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Voting act interpretations may be problematic in Miss.

Shelia Byrd

JACKSON, Miss. — The NAACP is educating voters in Mississippi about whether they will be required to show identification at the polls Nov. 4, hoping to avoid any Election Day confrontations.

Derrick Johnson, state president of the National Association for the Advancement of Colored People, said the civil rights group has been using training workshops, direct mail and community outreach about the federal Help America Vote Act (HAVA), which only requires first-time voters who register by mail to show ID at the polls.

Johnson is worried that problems could occur when some Mississippi voters encounter misinformed poll workers. He offered this scenario: What happens if a person filled out a form during a voter registration campaign, and the form was hand-delivered to the circuit clerk by someone else?

“We take the position they should be allowed to vote without ID. The question is what interpretation will the workers take,” Johnson said last Friday.

Poll workers likely will follow the directive from the office of Secretary of State Delbert Hosemann, a Republican serving his first year in office. Anyone who does not register in person before the registrar must supply HAVA identification, either with the voter registration application or when voting for the first time, said Pamela Weaver, a spokeswoman for Hosemann.

Johnson said he doesn’t think that is consistent with federal requirement.

Voter ID has been a contentious issue in Mississippi, where lawmakers for years have tried unsuccessfully to require some form of ID at the polls. During the last legislative session, Hosemann pushed an election reform bill that included an ID provision. Hosemann has said it’s needed to eliminate fraud, but Johnson is among those who say there’s no evidence of widespread fraud at the polls in the state.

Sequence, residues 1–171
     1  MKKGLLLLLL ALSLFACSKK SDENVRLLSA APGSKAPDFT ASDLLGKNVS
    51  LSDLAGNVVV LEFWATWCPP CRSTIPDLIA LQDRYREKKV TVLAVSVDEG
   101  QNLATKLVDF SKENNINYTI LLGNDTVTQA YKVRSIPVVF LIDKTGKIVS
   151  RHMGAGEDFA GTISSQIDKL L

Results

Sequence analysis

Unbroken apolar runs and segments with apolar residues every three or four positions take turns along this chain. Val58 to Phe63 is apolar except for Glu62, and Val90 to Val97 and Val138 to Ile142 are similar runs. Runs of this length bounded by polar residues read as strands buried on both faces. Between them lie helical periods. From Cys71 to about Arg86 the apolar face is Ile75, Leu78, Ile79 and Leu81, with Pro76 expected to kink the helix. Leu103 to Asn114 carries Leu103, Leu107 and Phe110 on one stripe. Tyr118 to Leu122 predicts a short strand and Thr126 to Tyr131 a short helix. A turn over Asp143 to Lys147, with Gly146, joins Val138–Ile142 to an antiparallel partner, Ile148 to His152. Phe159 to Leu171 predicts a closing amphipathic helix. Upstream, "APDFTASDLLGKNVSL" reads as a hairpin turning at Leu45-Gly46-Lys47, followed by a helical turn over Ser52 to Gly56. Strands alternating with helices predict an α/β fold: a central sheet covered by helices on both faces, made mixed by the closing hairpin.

Mississippi isn’t a swing state in the presidential race, but there are some high-profile contests, including Democratic former Gov. Ronnie Musgrove’s challenge of U.S. Sen. Roger Wicker, R-Miss., for the seat formerly held by Republican Trent Lott.

Carol Swilley, circuit clerk in Rankin County, said the Statewide Elections Management System, maintained with Hosemann’s office, flags the names of voters who need to show ID. Poll workers check to see if names, birth dates and social security numbers in the system match the ID. The county has about 7,000 new registered voters, Swilley said.

Jason Pollan of the Mississippi Center for Justice said that during the 2007 state elections, some Hinds County precincts posted signs that told voters who had an apartment address or post office box they would have to present ID.

“Our first inquiry was met with denial,” Pollan said. “When I indicated I had photos of it, they then went to look in the boxes and, lo and behold, they found exactly what we were complaining about.”

Hinds County Elections Commissioner Connie Cochran said the signs didn’t ask for ID, but verification from voters about their address, and have since been destroyed, “so that’s a moot issue.”

Lee County is taking steps to avoid any confusion about voter ID, said circuit clerk Joyce Loftin. She said the county has posted four new posters informing first-time registered voters if they’ll need ID and the acceptable forms of identification.

Loftin said extra poll workers have been hired to walk up and down lines that form at precincts to assist new voters.

“We felt that the need was there this time especially since we’re going to have so many people that have never voted before. I really, truly believe we’re going to have a great turnout,” Loftin said.

Loftin said as of Oct. 17, Lee County had 55,787 registered voters, up from 49,713 in March.

(Associated Press)